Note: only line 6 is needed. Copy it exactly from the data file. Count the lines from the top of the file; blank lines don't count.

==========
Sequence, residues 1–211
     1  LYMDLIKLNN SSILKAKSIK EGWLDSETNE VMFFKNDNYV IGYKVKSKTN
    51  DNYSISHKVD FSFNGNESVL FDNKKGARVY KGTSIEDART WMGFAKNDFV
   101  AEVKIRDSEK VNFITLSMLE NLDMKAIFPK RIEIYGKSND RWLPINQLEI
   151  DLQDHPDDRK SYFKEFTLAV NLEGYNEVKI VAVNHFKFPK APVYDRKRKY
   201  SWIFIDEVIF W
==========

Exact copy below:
   201  SWIFIDEVIF W